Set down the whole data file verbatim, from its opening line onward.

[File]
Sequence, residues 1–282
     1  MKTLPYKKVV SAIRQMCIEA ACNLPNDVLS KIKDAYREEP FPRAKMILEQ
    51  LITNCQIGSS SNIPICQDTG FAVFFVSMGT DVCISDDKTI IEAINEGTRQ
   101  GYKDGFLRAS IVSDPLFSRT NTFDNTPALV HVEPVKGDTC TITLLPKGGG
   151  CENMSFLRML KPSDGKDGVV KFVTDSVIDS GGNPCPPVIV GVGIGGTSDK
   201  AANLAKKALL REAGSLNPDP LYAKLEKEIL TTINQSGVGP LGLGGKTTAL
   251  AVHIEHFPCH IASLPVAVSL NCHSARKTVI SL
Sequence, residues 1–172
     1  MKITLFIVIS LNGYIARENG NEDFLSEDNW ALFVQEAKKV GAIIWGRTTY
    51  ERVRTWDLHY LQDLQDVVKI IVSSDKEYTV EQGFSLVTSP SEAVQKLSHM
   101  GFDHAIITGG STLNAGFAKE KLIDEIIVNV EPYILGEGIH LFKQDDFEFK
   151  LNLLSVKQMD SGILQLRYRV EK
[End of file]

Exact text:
Sequence, residues 1–282
     1  MKTLPYKKVV SAIRQMCIEA ACNLPNDVLS KIKDAYREEP FPRAKMILEQ
    51  LITNCQIGSS SNIPICQDTG FAVFFVSMGT DVCISDDKTI IEAINEGTRQ
   101  GYKDGFLRAS IVSDPLFSRT NTFDNTPALV HVEPVKGDTC TITLLPKGGG
   151  CENMSFLRML KPSDGKDGVV KFVTDSVIDS GGNPCPPVIV GVGIGGTSDK
   201  AANLAKKALL REAGSLNPDP LYAKLEKEIL TTINQSGVGP LGLGGKTTAL
   251  AVHIEHFPCH IASLPVAVSL NCHSARKTVI SL
Sequence, residues 1–172
     1  MKITLFIVIS LNGYIARENG NEDFLSEDNW ALFVQEAKKV GAIIWGRTTY
    51  ERVRTWDLHY LQDLQDVVKI IVSSDKEYTV EQGFSLVTSP SEAVQKLSHM
   101  GFDHAIITGG STLNAGFAKE KLIDEIIVNV EPYILGEGIH LFKQDDFEFK
   151  LNLLSVKQMD SGILQLRYRV EK